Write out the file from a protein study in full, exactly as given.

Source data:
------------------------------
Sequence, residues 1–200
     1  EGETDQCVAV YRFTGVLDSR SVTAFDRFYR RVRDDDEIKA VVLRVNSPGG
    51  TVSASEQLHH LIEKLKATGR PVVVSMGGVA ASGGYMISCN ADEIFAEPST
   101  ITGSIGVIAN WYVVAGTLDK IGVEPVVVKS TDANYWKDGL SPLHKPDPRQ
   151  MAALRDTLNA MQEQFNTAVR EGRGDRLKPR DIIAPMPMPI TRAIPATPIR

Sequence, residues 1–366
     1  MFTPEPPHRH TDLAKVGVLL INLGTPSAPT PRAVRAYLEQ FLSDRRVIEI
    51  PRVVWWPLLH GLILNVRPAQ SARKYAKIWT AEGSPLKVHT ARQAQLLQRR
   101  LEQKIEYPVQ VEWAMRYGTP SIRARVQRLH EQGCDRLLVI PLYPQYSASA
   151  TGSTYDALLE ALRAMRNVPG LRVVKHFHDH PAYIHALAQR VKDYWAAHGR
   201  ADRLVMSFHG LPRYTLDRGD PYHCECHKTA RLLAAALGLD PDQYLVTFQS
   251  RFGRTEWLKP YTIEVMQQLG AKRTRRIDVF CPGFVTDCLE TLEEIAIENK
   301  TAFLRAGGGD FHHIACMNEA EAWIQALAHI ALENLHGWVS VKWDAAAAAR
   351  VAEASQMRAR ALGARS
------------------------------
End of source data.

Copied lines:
Sequence, residues 1–200
     1  EGETDQCVAV YRFTGVLDSR SVTAFDRFYR RVRDDDEIKA VVLRVNSPGG
    51  TVSASEQLHH LIEKLKATGR PVVVSMGGVA ASGGYMISCN ADEIFAEPST
   101  ITGSIGVIAN WYVVAGTLDK IGVEPVVVKS TDANYWKDGL SPLHKPDPRQ
   151  MAALRDTLNA MQEQFNTAVR EGRGDRLKPR DIIAPMPMPI TRAIPATPIR

Sequence, residues 1–366
     1  MFTPEPPHRH TDLAKVGVLL INLGTPSAPT PRAVRAYLEQ FLSDRRVIEI
    51  PRVVWWPLLH GLILNVRPAQ SARKYAKIWT AEGSPLKVHT ARQAQLLQRR
   101  LEQKIEYPVQ VEWAMRYGTP SIRARVQRLH EQGCDRLLVI PLYPQYSASA
   151  TGSTYDALLE ALRAMRNVPG LRVVKHFHDH PAYIHALAQR VKDYWAAHGR
   201  ADRLVMSFHG LPRYTLDRGD PYHCECHKTA RLLAAALGLD PDQYLVTFQS
   251  RFGRTEWLKP YTIEVMQQLG AKRTRRIDVF CPGFVTDCLE TLEEIAIENK
   301  TAFLRAGGGD FHHIACMNEA EAWIQALAHI ALENLHGWVS VKWDAAAAAR
   351  VAEASQMRAR ALGARS